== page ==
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The Road to Concord (Hardback)

How Four Stolen Cannon Ignited the American Revolution

All Westholme

By John Bell
Imprint: Westholme
Pages: 234
ISBN: 9781594162497
Published: 20th June 2016

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In the early spring of 1775, on a farm in Concord, Massachusetts, British army spies located four brass cannon belonging to Boston’s colonial militia that had gone missing months before. British general Thomas Gage had been searching for them, both to stymie New England’s growing rebellion and to erase the embarrassment of having let cannon disappear from armories under redcoat guard. Anxious to regain those weapons, he drew up plans for his troops to march nineteen miles into unfriendly territory. The Massachusetts Patriots, meanwhile, prepared to thwart the general’s mission. There was one goal Gage and his enemies shared: for different reasons, they all wanted to keep the stolen cannon as secret as possible. Both sides succeeded well enough that the full story has never appeared until now.

The Road to Concord: How Four Stolen Cannon Ignited the Revolutionary War by historian J. L. Bell reveals a new dimension to the start of America’s War for Independence by tracing the spark of its first battle back to little-known events beginning in September 1774. The author relates how radical Patriots secured those four cannon and smuggled them out of Boston, and how Gage sent out spies and search parties to track them down. Along the way, the book recounts other previously untold developments that raised tensions in New England, such as the sailor who attacked two British army officers on a Boston street and the Patriot organizer whose sudden,mysterious death led to conflicting rumors of suicide and murder. Drawing on archives in the United States, United Kingdom, and Canada, the book creates a lively, original, and deeply documented picture of a society perched on the brink of war.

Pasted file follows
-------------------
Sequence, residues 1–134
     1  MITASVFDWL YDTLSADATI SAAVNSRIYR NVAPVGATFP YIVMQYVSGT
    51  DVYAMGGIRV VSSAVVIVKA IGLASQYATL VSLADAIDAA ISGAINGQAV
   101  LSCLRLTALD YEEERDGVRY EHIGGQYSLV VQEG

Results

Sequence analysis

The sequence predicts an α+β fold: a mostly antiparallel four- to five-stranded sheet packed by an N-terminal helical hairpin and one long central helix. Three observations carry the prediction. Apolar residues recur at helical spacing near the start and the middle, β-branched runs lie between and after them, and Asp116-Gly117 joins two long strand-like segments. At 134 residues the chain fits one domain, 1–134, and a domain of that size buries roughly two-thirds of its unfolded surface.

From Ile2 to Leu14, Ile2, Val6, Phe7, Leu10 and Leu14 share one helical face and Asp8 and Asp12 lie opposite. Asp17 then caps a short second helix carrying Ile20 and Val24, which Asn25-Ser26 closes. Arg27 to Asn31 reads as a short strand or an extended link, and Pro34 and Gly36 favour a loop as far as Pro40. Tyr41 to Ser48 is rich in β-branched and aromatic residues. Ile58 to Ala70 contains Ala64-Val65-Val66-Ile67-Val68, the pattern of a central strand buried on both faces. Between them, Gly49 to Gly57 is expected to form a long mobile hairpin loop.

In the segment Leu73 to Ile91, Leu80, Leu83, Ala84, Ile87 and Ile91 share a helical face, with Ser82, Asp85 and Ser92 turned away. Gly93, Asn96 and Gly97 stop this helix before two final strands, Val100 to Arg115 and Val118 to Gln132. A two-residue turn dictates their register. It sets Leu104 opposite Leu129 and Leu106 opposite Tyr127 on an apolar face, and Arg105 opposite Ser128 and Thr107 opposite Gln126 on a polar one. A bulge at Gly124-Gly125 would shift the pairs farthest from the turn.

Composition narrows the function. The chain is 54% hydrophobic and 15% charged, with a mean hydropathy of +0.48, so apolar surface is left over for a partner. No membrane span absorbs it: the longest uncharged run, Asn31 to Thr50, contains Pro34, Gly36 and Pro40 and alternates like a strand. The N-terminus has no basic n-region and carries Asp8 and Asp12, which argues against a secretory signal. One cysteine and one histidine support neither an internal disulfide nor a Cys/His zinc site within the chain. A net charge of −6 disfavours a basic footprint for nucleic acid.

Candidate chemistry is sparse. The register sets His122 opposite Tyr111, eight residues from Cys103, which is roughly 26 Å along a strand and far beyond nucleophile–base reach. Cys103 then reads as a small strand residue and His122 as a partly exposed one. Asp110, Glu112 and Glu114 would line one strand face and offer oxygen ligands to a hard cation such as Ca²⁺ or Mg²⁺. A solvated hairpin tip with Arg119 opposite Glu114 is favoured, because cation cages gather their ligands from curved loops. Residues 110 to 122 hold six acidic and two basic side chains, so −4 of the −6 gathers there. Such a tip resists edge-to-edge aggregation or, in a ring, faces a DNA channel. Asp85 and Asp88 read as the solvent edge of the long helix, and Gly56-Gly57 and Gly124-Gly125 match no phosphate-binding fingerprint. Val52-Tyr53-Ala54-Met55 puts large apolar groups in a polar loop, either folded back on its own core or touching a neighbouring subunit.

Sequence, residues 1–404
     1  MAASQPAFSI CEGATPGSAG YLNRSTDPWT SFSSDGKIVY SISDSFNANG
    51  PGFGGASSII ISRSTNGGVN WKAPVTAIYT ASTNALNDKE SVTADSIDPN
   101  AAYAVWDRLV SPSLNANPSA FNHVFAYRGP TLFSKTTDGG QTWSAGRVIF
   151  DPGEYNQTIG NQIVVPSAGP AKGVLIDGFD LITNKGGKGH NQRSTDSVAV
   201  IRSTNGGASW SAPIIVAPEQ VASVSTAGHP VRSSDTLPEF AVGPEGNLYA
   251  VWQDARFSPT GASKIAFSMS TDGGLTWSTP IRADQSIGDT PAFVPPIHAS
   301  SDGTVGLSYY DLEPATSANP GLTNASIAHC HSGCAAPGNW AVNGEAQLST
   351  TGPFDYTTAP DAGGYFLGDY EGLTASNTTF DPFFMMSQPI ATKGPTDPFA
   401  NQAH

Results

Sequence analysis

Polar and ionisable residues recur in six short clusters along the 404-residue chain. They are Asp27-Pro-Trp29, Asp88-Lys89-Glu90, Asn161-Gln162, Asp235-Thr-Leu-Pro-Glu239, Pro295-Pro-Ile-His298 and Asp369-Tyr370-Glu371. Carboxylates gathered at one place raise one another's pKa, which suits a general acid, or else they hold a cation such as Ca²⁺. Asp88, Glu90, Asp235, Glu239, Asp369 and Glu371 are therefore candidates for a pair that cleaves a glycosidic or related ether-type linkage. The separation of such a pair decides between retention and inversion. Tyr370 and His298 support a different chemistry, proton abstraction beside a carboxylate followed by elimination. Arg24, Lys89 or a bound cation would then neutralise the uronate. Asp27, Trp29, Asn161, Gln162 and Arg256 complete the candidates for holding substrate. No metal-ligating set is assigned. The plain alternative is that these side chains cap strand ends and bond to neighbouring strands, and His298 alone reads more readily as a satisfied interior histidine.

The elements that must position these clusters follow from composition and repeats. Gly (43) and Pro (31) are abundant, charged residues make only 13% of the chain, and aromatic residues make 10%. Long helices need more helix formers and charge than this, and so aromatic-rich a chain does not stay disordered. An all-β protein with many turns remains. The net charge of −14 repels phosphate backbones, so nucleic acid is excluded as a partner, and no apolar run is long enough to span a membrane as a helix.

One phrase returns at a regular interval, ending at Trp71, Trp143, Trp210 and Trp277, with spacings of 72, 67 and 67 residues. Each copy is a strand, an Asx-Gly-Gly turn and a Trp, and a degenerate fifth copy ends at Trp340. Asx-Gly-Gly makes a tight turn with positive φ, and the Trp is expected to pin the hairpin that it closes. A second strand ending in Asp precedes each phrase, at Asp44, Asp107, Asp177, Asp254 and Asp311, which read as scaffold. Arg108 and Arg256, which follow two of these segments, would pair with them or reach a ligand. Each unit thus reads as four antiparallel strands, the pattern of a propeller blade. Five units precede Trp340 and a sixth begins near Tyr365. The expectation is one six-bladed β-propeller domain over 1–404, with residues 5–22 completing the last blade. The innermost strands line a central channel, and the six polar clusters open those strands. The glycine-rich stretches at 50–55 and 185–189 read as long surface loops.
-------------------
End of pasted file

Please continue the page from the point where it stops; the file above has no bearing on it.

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About John Bell

J. L. BELL is the proprietor of boston1775.net, a popular website dedicated to the history of the American Revolution in New England. A Fellow of the Massachusetts Historical Society and American Antiquarian Society, he is author of the National Park Service’s study of George Washington’s work in Cambridge, and has delivered papers to the Massachusetts Historical Society, the Organization of American Historians, and historic sites around greater Boston.

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